The French felt that further exploration and more surveys needed to be conducted. French Navy Lieutenant Lucien N. B. Wyse was assigned by the French government to explore possible routes on the Isthmus. When Wyse arrived on the isthmus, the Colombian government assigned Pedro Sosa (RPI 1873) to the expedition as scout engineer and chief of technical control and topography. In the second survey expedition, Sosa traveled alone through the jungle. The difficulty of this exploration won Pedro Sosa, RPI Class of 1873him the admiration and respect of his comrades. When the expeditions were finished, the Congres agreed on a route that followed the path of the Panama Railroad, one that went straight through the continental divide, still with the conviction that a sea-level waterway was possible. The Congres met in Paris on May 15, 1879, agreeing to name the route the “Wyse-Reclus-Sosa Line”, in honor of the engineers who had mapped it. Sosa was awarded the French Legion of Honor for his work.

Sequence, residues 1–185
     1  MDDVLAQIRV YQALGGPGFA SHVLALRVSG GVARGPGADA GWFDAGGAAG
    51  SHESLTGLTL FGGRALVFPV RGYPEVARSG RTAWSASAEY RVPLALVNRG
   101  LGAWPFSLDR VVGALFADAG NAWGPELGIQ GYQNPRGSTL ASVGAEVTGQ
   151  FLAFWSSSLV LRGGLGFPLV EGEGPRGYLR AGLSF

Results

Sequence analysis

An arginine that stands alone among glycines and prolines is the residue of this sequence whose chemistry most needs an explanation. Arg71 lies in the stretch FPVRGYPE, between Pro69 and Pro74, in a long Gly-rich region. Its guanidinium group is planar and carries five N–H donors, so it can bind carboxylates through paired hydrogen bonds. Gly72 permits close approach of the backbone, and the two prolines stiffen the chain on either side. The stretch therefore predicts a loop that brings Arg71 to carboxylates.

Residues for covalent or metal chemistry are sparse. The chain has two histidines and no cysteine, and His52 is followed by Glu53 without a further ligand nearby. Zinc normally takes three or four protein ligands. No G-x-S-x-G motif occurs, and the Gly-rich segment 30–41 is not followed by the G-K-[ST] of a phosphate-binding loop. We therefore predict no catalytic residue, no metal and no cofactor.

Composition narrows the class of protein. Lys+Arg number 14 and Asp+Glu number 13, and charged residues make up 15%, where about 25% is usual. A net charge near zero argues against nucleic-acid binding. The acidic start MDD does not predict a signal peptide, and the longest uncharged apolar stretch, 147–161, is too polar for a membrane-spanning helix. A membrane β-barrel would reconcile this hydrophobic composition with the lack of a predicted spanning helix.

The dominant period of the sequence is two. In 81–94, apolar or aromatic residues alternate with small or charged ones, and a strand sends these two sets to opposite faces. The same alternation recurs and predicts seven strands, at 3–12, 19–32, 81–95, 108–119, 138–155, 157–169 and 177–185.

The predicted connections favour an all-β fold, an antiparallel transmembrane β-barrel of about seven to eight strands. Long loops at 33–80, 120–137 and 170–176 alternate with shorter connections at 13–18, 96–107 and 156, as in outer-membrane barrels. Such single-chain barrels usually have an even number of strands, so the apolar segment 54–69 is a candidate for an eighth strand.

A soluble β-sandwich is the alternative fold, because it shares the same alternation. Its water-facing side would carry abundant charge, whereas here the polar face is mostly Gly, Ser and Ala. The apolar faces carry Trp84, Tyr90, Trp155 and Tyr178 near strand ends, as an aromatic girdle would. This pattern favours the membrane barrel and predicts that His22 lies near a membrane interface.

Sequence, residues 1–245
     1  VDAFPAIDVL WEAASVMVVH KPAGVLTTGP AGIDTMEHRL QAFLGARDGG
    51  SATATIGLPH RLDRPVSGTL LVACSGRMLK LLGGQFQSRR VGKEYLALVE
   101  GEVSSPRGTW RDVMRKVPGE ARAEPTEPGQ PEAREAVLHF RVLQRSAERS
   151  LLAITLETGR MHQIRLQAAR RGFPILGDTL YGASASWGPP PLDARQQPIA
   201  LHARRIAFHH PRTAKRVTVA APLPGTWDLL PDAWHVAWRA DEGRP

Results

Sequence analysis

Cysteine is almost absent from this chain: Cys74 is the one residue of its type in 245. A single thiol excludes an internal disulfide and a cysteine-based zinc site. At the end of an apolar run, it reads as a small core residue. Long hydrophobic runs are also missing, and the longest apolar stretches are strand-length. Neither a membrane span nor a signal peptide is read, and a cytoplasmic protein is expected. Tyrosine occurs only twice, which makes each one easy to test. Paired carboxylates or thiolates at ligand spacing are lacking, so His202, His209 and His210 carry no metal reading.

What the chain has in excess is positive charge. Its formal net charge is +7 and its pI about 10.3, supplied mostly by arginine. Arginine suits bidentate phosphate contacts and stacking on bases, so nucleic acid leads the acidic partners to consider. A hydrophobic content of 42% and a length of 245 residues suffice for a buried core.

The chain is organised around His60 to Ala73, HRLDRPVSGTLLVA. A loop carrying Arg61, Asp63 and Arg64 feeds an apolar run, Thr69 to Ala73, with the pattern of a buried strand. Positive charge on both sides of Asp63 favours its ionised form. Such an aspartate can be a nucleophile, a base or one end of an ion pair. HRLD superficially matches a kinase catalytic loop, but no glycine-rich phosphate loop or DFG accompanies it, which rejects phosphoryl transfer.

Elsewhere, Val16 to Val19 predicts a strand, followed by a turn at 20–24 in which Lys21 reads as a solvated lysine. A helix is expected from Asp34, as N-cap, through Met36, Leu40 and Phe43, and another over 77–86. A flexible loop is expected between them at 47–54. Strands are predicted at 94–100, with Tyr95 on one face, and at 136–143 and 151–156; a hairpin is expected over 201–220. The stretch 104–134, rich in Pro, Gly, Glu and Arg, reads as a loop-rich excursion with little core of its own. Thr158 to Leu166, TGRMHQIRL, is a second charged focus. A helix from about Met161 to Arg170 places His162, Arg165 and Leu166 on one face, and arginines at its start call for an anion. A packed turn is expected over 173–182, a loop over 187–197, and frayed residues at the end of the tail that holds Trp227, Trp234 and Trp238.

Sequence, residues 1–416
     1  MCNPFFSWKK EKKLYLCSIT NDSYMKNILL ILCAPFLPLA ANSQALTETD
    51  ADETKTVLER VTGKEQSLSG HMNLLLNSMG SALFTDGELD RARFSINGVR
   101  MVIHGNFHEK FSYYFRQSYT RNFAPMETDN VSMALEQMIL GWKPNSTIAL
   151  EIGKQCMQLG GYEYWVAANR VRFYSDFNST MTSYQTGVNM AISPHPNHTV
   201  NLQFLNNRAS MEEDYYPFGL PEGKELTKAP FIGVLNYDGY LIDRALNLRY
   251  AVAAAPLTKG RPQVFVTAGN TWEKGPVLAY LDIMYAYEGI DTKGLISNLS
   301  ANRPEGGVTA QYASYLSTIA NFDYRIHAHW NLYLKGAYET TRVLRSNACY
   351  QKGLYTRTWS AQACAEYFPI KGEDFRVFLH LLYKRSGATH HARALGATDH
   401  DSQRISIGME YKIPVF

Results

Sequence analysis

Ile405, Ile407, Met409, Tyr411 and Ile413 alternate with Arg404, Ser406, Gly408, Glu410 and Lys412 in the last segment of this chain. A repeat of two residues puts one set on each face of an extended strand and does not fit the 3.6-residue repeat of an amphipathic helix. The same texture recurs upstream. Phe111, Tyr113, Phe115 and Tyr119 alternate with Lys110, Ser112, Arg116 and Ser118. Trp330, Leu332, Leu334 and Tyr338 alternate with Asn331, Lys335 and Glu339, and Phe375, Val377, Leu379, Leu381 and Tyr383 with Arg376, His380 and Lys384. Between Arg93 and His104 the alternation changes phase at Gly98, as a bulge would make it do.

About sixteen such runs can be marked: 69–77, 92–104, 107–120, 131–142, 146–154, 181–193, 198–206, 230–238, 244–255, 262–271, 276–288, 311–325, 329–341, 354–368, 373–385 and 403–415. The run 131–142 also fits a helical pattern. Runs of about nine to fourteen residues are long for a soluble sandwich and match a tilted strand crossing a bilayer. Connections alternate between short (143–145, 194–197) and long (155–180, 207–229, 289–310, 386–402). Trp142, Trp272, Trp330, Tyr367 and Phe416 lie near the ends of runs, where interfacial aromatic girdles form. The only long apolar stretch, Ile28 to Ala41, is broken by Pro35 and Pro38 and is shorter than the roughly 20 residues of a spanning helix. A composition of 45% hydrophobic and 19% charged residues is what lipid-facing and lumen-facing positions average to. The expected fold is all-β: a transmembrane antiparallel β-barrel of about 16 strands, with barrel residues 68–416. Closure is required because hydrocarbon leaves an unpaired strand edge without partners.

Few individuals on the Congres were actually engineers; the majority were diplomats. One notable engineer, Aniceto García Menocal (RPI 1862), who had always advocated for a Nicaraguan canal constructed by the United States, stood up against de Lesseps’s sea-level waterway scheme, stating how impracticable the project would be. Menocal made a brave, bold stand against the French hero, who enthralled his audience with exuberant confidence and infectious enthusiasm over conquering the terrain of Central America. De Lesseps convinced everyone (at least those who were not engineers) that a sea-level canal was possible, and work began on January 1, 1881. Culebra Cut excavation.